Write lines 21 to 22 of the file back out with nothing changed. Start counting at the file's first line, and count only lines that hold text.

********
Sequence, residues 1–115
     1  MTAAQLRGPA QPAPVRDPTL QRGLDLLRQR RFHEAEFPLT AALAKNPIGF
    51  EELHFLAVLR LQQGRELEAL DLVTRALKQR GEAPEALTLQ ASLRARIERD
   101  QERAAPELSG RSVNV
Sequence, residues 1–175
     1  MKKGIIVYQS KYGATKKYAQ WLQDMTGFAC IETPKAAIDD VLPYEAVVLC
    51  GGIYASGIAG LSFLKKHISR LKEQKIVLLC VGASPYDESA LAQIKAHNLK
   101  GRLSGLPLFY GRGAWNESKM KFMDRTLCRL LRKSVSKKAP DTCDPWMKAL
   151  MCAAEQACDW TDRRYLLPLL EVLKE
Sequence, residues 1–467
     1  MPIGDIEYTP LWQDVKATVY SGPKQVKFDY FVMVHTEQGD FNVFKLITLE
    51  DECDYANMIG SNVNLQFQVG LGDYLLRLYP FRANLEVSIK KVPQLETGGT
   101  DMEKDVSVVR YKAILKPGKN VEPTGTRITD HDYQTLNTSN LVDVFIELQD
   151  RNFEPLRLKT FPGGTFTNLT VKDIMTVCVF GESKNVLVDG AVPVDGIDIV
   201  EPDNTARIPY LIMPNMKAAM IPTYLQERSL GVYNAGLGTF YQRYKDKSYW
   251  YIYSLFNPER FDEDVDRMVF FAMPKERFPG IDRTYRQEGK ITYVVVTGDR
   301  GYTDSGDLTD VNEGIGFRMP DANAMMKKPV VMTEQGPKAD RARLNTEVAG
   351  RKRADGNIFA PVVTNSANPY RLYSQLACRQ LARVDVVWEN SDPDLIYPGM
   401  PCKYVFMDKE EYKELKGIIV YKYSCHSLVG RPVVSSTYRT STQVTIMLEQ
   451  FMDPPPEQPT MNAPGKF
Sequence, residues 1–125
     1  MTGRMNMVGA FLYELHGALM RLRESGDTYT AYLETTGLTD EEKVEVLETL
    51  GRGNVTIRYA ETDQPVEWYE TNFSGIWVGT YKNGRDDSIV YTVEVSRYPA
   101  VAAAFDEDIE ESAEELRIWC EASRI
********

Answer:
Sequence, residues 1–125
     1  MTGRMNMVGA FLYELHGALM RLRESGDTYT AYLETTGLTD EEKVEVLETL